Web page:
## Presentation on theme: "Nuclear Physics: Radiation, Radioactivity & its Applications."— Presentation transcript:

Nuclear Energy The Nucleus of an atom contains Protons – Positively Charged Neutrons – no charge Atomic Mass Number – denoted by the letter A, this number represents the total number of protons + neutrons in the nucleus, telling you what isotope of the element you have. Atomic Number – denoted by the letter Z, this number represents the number of protons in the nucleus, telling you what element you have.

Nuclear Energy Atomic Symbol for a given isotope of an element is generally given as noted to the right. A prime example is an alpha particle or helium nucleus

Nuclear Reactions Two Types of Nuclear reactions produce vast amounts of energy according to Einstein’s famous equation E = mc 2 Fission – the splitting of an atom into smaller parts Fusion- the joining of two small nuclei to produce one larger nucleus

Nuclear Reactions Mass defect – is the amount of mass that is converted to energy during fission or fusion. Calculation of Mass defect is the difference between the actual mass of the atom and the known mass of each of its parts The amount of energy that this mass is converted into is called the binding energy

Sample Problem Calculate the mass defect and energy released in the creation of Carbon-13. Solution Expected Mass: Protons = 6 (1.007276 u) = 6.043656 u Neutrons = 7(1.008665 u) = 7.060655 u 13.104311 u Known Mass -13.003355 u Mass Defect.100956 u Energy Released = (931.5 MeV/u)(0.100956 u) = 94.04 MeV

Radioactivity Three types of Radioactivity Alpha – α – is the nucleus of a helium atom Can be stopped by a sheet of paper, is harmful only if ingested Beta – β – emission of an electron or positron Can be stopped by a sheet of lead, is harmful to all living tissue Gamma – γ – emission of a high energy photon Cannot be completely stopped. Very harmful to all living tissue.

Nuclear Reactions Alpha Decay Beta Decay Gamma Emission

Half Life The half life of a radioactive material is the amount of time required for ½ of the sample to decay into another element or isotope. Half lives are calculated according to the equation: a = a 0 (½) x

Half Life a = amount of material left at any time a 0 = amount of material that you begin with x = the number of half lives that have passed since you have begun counting This type of decay is said to be exponential since it can be described graphically as a hyperbola

Sample Problem Carbon-14, a radioactive isotope of carbon, has a half life of 5730 years. If a 20 gram sample of carbon-14 is allowed to decay for 10,000 years, how much remains at the end of this period?

Solution a = a 0 (½) x a 0 = 20 grams x = 10,000 yrs/5730 yrs/half life = 1.75 So a = 20 grams(½) 1.75 = 5.95 grams

Detection of Radiation Counters Geiger Counter – Radiation causes a gas to emit electrons causing a voltage which makes the counter “click” Scintillation counter – uses a solid, liquid, or gas scintillator – a material which is excited by radiation to emit light. The light is captured and amplified by a Photomultiplier (PM) tube – which turns it into an electric signal. Semi-conductor detector – uses a p-n junction diode which produces a short electric pulse when irradiated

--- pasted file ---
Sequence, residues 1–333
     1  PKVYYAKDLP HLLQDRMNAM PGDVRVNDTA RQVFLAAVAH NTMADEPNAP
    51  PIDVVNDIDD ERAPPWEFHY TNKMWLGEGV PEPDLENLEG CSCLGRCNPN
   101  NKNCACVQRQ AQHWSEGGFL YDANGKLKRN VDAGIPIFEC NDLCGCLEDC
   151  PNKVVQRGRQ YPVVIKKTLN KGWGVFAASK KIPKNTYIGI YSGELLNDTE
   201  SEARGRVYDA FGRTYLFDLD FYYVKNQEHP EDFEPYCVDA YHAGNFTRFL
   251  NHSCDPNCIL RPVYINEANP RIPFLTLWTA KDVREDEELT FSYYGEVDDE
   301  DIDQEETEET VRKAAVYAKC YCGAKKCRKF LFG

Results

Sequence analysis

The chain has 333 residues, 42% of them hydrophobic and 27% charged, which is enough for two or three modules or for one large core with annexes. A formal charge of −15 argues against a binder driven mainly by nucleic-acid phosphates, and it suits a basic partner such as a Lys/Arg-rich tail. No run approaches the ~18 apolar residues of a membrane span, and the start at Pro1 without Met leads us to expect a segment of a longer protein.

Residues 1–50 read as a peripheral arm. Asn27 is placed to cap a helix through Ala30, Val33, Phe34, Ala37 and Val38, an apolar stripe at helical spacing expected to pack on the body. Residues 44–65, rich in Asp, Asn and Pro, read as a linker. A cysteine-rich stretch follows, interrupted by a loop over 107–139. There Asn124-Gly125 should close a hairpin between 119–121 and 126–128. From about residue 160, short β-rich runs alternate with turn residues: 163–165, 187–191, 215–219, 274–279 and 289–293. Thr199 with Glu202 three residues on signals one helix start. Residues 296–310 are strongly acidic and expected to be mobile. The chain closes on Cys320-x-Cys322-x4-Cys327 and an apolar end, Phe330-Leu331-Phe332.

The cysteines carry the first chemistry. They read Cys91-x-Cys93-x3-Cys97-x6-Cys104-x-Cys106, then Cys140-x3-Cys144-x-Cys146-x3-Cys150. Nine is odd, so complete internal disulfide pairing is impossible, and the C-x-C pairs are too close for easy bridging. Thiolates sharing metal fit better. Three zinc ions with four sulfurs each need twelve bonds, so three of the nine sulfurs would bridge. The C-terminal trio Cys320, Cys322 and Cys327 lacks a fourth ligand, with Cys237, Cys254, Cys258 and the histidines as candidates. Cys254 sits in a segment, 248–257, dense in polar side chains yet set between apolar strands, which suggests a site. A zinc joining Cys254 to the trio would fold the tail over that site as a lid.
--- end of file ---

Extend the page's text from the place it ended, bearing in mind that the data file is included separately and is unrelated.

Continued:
Detection of Radiation Trackers Photographic emulsion – the particle passing through the emulsion ionizes atoms in its path Cloud chamber – a gas is cooled to a temperature slightly below its normal condensation temperature hence it condenses on any ionized molecule present this “tracks” the particle Bubble chamber – a liquid is kept close to its boiling temperature and hence “bubbles” around any ionized particle – the bubbles are then left in the wake of the particle and photographed

Applications of Nuclear Processes Energy can be released in a nuclear reaction by one of two processes: Fission – the splitting of a nucleus into smaller nuclei Fusion – the joining of two smaller nuclei into a larger nuclei

Fission Usually caused by neutron bombardment of the nucleus, causing the nucleus to split Mass is converted into energy All current nuclear reactor technology uses fission Fission is controlled by using a moderator, a material which absorbs neutrons to keep the chain reaction under control

Fusion Fusion reactions take lighter nuclei, often an isotope of hydrogen called deuterium and fuse them together to make a heavier nuclei, often helium This must occur at high energy and is very difficult to produce under laboratory conditions Currently no workable fusion reactor has been produced on earth The sun and stars all produce energy due to nuclear fusion

Measurement of Radiation: Dosimetry Since radiation can harm the body it is important to quantify the amount of radiation received, or the dose. The study of this is called dosimetry and is an important part of an emerging field known as Health Physics Dosimetry is most often concerned with the number of rads or millirads of radiation received. A rad is defined as the amount of radiation which deposits energy at a rate of 0.01 J/kg in any absorbing material

Things to Know Atomic number, Atomic mass number, atomic symbols, atomic equations Mass defect, binding energy Types of Radiation Alpha Beta Gamma Detection of Radiation Nuclear Reactions Fission Fusion Dosimetry